- If you are buying a franchise that has a lease for an existing office or retail location (as opposed to a home based franchise business), you will likely need to either get landlord approval for the assignment of the lease or negotiate new lease terms. Generally you will want the lease term to match the term of your franchise agreement. Unlike a typical lease assignment when a business is purchased, if new terms for the lease are negotiated with the landlord the franchisor will most likely have the right to approve the new lease terms and may require specific provisions in the lease allowing the franchisor to take over the lease if you default under the franchise agreement.
- As a condition for approval of the assignment of the existing franchise business, the franchisor may have the right to require that the franchise location be updated to meet current standards for signage, furnishings, equipment and other items relating to the overall appearance of the business (particularly if the franchise is a retail business). This can be expensive and, as the buyer, you will need to account for these expenses in your business plan.
- There are often other fees related to the purchase that are unique to franchise businesses. For example, franchisors often charge a transfer fee which must be paid, either by the buyer or seller, as a condition of the franchisor’s approval of the transfer. Also, the franchisor will probably require the new owner(s) and manager(s) to successfully complete a training program before taking over the franchise business. There are typically fees and travel costs associated with the training program.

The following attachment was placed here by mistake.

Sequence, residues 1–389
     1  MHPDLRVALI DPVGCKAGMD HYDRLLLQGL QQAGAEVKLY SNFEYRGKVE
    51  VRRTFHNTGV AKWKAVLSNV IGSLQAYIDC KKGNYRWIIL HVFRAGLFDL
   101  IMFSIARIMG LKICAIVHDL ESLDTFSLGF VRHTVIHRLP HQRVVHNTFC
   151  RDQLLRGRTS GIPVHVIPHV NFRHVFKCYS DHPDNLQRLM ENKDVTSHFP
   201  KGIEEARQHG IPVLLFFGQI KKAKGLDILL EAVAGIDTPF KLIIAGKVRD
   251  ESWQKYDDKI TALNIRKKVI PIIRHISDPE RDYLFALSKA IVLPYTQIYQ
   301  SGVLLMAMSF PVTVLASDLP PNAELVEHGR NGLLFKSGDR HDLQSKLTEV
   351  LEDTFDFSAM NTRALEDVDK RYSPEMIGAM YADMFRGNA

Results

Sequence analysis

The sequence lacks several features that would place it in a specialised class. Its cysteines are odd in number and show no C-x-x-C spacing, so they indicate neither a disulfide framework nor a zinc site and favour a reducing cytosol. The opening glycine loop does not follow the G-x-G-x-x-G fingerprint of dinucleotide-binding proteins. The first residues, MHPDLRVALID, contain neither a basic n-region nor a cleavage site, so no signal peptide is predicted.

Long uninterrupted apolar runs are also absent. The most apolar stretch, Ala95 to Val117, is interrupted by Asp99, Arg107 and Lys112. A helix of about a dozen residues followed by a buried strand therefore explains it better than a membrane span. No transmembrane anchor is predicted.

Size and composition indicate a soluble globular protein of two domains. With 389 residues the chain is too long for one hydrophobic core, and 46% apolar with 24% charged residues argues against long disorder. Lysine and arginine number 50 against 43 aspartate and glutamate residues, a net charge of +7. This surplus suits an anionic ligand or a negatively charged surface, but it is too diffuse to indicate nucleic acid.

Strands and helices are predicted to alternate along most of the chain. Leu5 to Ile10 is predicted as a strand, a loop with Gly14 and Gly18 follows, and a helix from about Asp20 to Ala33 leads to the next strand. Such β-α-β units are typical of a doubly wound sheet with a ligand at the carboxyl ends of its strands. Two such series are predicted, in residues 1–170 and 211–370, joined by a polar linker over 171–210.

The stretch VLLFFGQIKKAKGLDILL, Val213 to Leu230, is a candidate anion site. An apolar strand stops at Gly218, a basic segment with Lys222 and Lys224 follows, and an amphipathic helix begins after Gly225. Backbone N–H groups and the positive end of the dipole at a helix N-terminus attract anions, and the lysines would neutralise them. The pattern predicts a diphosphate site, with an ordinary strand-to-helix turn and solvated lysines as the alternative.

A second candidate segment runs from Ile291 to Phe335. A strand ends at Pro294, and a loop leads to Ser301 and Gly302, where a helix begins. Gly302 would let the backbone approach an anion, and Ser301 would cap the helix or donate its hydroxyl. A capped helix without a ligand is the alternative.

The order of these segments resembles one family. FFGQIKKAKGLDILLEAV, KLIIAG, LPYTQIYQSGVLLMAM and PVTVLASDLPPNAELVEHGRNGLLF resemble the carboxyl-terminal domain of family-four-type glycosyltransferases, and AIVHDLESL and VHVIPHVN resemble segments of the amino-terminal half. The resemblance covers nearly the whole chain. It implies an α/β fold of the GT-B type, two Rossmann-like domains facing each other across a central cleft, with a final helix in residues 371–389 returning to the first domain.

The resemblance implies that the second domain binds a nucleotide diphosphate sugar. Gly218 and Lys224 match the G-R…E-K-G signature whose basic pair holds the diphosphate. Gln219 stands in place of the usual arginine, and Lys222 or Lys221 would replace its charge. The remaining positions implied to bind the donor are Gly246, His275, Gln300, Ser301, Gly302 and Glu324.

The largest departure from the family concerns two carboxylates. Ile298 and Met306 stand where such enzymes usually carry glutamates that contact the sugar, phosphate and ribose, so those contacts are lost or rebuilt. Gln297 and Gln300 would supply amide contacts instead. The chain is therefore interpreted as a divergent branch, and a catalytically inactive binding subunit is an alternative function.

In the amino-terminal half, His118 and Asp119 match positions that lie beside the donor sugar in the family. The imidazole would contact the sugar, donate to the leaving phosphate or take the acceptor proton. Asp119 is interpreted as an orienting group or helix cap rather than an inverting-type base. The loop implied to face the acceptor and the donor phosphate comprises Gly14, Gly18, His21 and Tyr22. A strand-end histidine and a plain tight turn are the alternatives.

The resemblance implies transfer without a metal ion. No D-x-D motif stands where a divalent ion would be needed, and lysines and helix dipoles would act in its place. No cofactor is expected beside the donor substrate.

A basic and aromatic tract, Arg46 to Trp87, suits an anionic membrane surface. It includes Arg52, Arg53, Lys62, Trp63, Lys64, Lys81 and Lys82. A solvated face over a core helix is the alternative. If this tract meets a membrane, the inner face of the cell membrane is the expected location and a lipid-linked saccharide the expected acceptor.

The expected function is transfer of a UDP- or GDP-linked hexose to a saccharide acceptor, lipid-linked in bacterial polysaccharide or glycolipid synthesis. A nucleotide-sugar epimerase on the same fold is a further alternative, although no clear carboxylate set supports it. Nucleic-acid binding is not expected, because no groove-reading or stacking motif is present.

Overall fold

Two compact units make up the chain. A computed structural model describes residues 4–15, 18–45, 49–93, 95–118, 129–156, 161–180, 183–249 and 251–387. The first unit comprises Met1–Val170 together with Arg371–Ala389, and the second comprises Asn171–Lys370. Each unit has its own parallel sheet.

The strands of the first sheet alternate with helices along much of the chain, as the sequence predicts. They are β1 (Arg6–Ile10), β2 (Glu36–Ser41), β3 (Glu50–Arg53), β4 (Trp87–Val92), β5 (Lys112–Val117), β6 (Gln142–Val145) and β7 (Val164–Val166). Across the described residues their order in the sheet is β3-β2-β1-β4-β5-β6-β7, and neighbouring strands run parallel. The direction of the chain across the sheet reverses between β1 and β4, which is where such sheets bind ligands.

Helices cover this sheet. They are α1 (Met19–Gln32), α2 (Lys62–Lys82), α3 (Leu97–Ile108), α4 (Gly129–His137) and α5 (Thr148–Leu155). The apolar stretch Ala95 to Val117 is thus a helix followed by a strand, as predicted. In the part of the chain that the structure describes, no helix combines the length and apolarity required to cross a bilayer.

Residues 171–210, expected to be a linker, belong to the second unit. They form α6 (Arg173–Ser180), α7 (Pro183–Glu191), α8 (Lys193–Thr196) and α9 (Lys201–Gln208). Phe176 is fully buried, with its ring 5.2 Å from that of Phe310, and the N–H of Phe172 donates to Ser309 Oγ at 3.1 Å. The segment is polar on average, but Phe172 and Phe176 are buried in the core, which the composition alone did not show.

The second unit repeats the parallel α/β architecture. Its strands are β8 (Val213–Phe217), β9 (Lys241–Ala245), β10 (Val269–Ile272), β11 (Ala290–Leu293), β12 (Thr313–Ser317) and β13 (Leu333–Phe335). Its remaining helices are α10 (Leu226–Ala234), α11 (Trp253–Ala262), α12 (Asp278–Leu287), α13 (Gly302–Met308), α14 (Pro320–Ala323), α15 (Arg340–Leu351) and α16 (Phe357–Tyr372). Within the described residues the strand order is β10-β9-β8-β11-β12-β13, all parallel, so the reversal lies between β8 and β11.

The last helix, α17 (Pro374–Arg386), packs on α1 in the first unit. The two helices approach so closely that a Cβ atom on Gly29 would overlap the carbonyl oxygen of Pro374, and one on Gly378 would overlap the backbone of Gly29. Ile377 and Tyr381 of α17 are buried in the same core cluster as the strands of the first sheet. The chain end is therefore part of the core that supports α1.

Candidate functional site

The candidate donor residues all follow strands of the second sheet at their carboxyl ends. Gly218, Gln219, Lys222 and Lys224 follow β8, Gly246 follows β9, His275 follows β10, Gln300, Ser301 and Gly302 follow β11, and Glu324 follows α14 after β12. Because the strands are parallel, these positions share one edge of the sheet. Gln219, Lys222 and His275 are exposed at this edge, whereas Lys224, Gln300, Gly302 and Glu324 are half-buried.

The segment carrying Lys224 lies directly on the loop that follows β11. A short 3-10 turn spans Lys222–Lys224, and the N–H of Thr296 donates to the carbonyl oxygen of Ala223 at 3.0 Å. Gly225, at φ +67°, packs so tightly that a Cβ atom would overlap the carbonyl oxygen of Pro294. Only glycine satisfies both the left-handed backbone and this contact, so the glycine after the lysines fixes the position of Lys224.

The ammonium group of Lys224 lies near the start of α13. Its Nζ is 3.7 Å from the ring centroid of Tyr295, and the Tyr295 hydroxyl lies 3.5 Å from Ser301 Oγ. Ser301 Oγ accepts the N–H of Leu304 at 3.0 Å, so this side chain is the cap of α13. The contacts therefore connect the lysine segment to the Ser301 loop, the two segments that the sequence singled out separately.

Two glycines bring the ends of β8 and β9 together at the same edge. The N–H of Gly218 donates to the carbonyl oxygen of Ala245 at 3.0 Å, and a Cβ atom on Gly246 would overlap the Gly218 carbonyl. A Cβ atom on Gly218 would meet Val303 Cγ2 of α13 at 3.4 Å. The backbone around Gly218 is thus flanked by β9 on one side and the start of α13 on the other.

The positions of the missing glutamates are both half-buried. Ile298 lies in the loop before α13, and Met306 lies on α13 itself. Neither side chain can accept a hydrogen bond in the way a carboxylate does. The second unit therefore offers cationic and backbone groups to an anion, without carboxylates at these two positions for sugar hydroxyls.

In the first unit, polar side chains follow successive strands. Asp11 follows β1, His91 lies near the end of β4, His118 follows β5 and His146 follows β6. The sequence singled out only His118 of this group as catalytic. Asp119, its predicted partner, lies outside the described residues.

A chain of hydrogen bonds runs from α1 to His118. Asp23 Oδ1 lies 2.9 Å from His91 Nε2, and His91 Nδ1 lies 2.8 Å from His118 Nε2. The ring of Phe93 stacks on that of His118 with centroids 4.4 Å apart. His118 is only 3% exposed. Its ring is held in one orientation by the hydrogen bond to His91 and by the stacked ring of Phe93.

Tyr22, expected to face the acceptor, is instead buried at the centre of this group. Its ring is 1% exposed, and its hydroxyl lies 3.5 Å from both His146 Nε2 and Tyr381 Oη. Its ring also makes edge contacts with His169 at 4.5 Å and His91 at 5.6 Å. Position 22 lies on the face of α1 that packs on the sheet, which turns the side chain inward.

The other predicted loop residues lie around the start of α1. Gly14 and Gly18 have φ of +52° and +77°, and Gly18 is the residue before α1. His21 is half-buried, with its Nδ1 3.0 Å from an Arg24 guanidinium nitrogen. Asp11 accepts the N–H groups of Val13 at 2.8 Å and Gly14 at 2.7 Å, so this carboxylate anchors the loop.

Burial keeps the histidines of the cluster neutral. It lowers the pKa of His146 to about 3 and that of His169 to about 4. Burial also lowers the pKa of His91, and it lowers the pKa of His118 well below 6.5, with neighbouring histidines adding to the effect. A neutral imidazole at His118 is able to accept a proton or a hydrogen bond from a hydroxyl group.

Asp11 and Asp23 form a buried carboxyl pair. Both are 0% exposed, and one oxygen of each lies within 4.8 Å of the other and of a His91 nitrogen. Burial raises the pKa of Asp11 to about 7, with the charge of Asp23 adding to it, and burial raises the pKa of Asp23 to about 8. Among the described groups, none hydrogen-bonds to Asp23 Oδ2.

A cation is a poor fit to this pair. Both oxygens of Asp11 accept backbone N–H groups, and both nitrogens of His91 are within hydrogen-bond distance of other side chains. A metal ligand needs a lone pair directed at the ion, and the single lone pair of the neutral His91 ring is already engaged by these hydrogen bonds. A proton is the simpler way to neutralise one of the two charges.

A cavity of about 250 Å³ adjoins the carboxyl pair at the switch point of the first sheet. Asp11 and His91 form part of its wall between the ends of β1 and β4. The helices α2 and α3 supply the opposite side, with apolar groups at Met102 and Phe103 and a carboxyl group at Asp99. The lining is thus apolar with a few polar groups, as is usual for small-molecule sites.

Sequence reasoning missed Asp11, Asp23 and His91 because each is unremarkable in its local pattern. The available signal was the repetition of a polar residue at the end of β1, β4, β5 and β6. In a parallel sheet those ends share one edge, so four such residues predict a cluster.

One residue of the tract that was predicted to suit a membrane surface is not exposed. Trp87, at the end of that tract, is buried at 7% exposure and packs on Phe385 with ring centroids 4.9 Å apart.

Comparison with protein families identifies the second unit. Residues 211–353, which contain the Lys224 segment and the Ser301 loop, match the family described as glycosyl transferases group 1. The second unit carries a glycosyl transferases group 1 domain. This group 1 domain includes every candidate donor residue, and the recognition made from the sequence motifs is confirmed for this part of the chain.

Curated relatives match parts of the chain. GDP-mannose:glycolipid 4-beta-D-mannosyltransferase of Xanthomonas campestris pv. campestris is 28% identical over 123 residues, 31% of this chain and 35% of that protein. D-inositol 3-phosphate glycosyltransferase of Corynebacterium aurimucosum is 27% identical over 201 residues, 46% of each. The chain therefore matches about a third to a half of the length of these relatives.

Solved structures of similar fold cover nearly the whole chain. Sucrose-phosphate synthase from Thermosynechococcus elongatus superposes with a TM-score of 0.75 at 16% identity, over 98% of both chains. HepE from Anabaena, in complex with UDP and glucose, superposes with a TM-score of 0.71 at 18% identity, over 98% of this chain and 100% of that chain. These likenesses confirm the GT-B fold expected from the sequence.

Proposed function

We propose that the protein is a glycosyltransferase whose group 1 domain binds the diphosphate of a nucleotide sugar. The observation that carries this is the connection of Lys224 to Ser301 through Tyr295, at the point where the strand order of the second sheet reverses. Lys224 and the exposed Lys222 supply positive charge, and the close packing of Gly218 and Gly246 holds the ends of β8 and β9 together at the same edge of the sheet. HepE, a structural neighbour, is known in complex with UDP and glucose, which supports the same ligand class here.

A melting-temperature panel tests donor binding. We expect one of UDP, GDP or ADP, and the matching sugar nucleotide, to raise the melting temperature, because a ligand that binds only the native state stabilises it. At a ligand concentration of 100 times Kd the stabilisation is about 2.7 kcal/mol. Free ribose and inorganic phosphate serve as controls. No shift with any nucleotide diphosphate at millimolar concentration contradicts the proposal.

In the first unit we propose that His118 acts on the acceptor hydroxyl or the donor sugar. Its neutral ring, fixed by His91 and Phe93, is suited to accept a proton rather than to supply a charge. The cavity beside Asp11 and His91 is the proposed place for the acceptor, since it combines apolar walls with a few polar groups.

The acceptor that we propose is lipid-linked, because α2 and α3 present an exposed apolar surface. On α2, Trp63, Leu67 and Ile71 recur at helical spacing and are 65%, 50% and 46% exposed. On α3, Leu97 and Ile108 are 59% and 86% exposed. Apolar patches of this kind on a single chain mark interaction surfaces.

- Most franchise agreements require a franchisee or its owners (if the franchisee is a company) to personally guaranty all the obligations under the franchise agreement. The franchisee’s spouse or the owners’ spouses may also be required to sign personal guarantees. This may affect your purchase decision or the willingness of others to invest money in the franchise business in exchange for an ownership interest.
- Once you purchase on ongoing franchise business, you will likely be obligated to pay the franchisor “royalty” and “marketing fund” fees and possibly other fees. These fees are often based on a percentage of your gross revenues or some other formula described in the franchise agreement. In addition to being aware of these fees and factoring them into your business plan, you should ask the seller and other franchisees about the impact of the fees on the profitability of their business and the level of advertising and other support they receive from the franchisor in exchange.
Because the purchase of an existing franchise business involves unique issues, you should consider consulting with a lawyer that has experience with the purchase and sale of franchise businesses. Over the years, our lawyers have represented sellers and buyers in connection with the purchase of existing franchise businesses. As a consequence, we know what issues the sellers and buyers of franchise businesses confront and can provide advice on how to address them in the sale process.
This article is for informational purposes only and does not contain or convey legal advice. Consult a lawyer. Any views or opinions expressed herein are those of the authors, and are not necessarily the views of any client.